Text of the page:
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Why Ambulatory Surgery Centers Are The Future Of Ambulatory Care

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A lot of changes have been made in a lot of arenas since the COVID-19 pandemic struck, and the healthcare industry was certainly not exempt. Online doctor’s appointments became the norm, and was a pretty successful means of providing healthcare. As a silver lining to the coronavirus, the future of telehealth looks bright. Another promising change in the healthcare industry is that of ambulatory surgery centers, and here is a closer look.

What is an ASC?

Ambulatory surgery centers provide outpatient care to those in need, without having to actually check in and wait at big hospitals. As ambulances, themselves, are well-equipped with life saving items, think of an ASC as a brick-and-mortar extension of an ambulance, with a much bigger supply shed. With patient convenience in mind, ASC’s provide alternatives to hospitals for outpatient procedures, and they are well-received by patients and caregivers alike on both convenience, and more importantly successful healthcare.

ASC’s aim to shorten patient wait times on surgeries from weeks or months, to the day of an incident. The word “ambulance” itself stems from the French term “hopital ambulant” which means horse-drawn-hospital, and after first exchanging the horse for an engine, ASC’s aim to fulfil immediate needs of patients who arrived at the facility in an ambulance.

History

To better understand why ASCs are the future of ambulatory care, here is a brief history of their past. The first was created more than 50 years ago in Phoenix, and now more than 5,000 are certified by Medicare (meaning they get government money when the conduct a lot of different procedures). The major reasons for the first ASC’s creation were limited space in hospitals, limited supplies, scheduling delays, and budget issues.

In the last decade, the most “popular” procedures formed at ASCs have been cataract surgery, biopsies, colonoscopies, and endoscopy.

Why the Future is Bright with ASCs

It’s no surprise that the almighty dollar is a driving force in U.S. healthcare, and ASC procedure costs are generally 60% or less than what the same procedure would cost in a large hospital, due to tighter scheduling, multiple nurses, the grand scale of most hospital operations, and other factors. Medicare, itself (a.k.a. the government), would stand to save two-and-a-half billion dollars in treatment reimbursement if half of the procedures performed at hospitals were performed at accredited ASCs. When the government is saving billions due to your business model, you can bet you’re future is bright. Patients also tend to save some serious money when utilizing ASC services, so three cheers for patient, hospital, and Uncle Sam all saving some money.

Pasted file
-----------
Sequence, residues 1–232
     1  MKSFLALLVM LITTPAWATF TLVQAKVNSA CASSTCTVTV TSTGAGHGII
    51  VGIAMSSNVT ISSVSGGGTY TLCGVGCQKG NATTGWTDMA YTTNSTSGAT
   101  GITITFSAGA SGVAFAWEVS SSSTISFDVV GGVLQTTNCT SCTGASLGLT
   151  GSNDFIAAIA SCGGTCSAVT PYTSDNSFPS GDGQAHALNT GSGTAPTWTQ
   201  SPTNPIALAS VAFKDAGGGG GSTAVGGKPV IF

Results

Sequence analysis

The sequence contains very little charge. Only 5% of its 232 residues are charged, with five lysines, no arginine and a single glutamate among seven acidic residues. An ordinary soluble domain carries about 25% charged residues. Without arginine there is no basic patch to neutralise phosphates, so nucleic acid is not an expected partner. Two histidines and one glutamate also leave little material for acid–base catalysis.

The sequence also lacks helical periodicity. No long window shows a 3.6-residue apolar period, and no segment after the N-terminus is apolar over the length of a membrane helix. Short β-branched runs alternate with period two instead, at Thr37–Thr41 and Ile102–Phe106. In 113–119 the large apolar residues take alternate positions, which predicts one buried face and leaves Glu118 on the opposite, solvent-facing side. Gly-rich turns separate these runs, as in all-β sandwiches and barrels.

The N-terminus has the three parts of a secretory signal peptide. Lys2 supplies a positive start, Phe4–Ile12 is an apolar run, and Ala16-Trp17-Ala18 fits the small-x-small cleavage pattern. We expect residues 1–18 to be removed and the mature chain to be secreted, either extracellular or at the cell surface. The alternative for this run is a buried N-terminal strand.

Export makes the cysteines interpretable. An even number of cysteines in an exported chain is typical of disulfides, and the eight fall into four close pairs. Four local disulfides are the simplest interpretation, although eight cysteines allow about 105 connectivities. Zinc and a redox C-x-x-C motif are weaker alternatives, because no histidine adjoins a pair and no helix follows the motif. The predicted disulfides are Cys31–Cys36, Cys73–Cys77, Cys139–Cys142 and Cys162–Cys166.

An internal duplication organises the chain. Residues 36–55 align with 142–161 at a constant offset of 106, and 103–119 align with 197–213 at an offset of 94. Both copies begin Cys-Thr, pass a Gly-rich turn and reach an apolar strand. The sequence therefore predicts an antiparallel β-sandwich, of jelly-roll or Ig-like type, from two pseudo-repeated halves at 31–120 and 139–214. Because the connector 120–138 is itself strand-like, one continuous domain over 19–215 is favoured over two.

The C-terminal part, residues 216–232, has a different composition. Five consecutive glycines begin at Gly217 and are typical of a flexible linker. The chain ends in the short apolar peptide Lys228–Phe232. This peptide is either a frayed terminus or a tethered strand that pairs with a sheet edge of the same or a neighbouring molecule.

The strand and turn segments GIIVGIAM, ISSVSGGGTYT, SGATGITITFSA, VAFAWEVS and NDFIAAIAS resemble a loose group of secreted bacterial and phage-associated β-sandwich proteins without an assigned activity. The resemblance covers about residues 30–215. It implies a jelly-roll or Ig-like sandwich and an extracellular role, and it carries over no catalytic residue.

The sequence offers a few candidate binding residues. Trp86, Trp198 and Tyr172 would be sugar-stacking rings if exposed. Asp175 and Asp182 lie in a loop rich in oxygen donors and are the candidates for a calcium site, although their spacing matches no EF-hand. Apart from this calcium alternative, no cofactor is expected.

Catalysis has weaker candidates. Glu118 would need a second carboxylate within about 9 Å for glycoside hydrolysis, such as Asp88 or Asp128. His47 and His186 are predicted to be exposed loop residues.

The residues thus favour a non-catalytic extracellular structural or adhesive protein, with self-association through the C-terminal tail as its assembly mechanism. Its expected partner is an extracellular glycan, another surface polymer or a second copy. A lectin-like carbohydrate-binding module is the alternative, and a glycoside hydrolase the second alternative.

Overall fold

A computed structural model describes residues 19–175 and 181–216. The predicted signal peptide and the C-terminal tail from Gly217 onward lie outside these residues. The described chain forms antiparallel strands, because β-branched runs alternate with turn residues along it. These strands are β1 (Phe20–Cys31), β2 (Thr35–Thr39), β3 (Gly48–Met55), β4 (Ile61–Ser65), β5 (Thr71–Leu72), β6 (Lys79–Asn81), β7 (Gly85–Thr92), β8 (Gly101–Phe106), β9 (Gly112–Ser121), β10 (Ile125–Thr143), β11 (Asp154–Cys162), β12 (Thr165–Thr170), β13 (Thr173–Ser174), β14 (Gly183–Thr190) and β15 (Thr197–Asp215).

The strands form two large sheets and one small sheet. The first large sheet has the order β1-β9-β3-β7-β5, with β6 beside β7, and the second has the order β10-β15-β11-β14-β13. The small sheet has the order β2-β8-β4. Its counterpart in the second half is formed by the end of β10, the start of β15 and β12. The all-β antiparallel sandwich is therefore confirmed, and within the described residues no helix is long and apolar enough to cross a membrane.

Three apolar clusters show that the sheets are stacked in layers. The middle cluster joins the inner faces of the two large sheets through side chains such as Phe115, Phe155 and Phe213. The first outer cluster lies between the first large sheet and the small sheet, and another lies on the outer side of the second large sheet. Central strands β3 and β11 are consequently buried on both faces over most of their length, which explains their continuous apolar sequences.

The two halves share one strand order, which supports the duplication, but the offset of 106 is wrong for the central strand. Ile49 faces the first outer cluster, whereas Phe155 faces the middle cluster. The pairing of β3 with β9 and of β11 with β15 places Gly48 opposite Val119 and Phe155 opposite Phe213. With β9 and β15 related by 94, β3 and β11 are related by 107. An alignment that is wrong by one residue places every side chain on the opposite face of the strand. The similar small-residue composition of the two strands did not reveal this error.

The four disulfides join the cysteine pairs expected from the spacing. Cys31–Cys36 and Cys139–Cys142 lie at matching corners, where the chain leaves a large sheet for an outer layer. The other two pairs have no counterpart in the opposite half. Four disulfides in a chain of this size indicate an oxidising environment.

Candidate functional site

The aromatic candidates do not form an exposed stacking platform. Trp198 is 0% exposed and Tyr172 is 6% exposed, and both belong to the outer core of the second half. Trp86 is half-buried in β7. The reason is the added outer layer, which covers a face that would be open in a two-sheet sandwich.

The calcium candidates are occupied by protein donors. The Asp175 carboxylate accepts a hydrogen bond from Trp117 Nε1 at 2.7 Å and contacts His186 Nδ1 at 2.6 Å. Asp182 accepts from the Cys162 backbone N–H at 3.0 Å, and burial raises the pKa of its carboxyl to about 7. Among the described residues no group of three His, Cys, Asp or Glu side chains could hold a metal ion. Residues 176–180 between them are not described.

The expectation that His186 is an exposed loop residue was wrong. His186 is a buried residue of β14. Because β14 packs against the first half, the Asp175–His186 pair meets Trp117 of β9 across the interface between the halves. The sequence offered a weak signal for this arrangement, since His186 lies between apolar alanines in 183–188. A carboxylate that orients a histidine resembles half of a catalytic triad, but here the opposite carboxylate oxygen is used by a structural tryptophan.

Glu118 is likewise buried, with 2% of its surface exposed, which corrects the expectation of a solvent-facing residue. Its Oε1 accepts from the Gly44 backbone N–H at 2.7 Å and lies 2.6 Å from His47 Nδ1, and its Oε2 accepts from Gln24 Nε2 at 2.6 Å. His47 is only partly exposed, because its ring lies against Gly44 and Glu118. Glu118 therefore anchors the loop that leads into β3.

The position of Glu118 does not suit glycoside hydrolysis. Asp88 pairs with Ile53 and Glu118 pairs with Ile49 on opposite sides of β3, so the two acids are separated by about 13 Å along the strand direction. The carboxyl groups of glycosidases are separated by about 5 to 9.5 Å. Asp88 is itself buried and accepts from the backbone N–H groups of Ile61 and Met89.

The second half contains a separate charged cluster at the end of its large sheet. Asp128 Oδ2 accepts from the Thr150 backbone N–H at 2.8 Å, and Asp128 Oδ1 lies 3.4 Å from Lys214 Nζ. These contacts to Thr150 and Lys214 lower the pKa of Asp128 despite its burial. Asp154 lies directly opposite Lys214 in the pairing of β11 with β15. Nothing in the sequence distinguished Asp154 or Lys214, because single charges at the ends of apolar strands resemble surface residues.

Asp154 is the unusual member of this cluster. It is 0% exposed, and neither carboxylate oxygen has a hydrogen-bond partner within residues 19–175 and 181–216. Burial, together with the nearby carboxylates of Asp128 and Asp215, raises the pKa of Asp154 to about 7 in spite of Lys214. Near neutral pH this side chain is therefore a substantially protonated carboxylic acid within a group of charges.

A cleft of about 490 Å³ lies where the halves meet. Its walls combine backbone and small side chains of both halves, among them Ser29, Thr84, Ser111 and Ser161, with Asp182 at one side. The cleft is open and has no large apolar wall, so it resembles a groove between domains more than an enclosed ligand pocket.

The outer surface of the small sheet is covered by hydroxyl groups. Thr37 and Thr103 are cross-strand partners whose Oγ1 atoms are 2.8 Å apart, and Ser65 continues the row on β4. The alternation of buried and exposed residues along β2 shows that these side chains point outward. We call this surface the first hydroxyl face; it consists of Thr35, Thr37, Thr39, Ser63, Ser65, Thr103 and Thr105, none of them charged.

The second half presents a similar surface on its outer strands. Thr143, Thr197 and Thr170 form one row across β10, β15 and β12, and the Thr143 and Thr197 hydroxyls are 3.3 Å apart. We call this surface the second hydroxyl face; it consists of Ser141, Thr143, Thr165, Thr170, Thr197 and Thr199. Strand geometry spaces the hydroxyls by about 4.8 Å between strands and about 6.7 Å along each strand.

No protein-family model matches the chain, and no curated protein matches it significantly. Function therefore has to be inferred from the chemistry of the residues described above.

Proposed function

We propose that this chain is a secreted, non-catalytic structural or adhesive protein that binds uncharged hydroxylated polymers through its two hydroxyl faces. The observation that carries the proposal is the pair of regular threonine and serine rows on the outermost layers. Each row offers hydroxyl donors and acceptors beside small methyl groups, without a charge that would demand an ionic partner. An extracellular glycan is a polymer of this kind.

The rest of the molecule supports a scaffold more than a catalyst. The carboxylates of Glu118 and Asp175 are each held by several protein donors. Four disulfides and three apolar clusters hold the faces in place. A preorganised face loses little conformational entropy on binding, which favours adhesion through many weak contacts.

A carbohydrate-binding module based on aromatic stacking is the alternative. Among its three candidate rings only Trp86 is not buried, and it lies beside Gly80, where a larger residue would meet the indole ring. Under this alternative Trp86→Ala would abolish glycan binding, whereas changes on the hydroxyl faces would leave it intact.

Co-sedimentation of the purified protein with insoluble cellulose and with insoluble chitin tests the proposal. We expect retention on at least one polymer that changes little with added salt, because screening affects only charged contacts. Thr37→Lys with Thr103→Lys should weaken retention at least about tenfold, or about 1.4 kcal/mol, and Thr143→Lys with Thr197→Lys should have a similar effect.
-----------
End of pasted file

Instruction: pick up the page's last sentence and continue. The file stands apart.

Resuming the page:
It’s not all monetary, though, and a large portion of patients do, indeed, rate their care at these less-impending surgery centers higher than those who attend large hospitals for outpatient care. The main reasons being decreased wait time and increased personalization, both sensible given the size difference (generally ASCs have about 4 operating rooms).

Quality-of-care is rated higher by both patients and surgeons, and surgeons often credit this to the more ergonomic designs their facilities are created with that cater to streamlined surgical service. A lot of hospitals haven’t even had a major upgrade since the first ASCs started popping up half a century ago.

The Future is Now

With payers, providers, and patients all onboard with the convenience, cost-effectiveness, and quality of care that ASCs provide, the growing population will just add to the necessity of alternative sites of care, like ASCs. As healthcare legislation continues to favor more coverage for more people, the need will only continue to grow. By the year 2025, outpatient surgical procedures are expected to increase by 45%, and with literal billions of dollars being saved with ASC use, you can bet big that they will continue to pop up in great frequency.

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Ryan Ayers has consulted a number of Fortune 500 companies within multiple industries including information technology and big data. After earning his MBA in 2010, Ayers also began working with start-up companies and aspiring entrepreneurs, with a keen focus on data collection and analysis.
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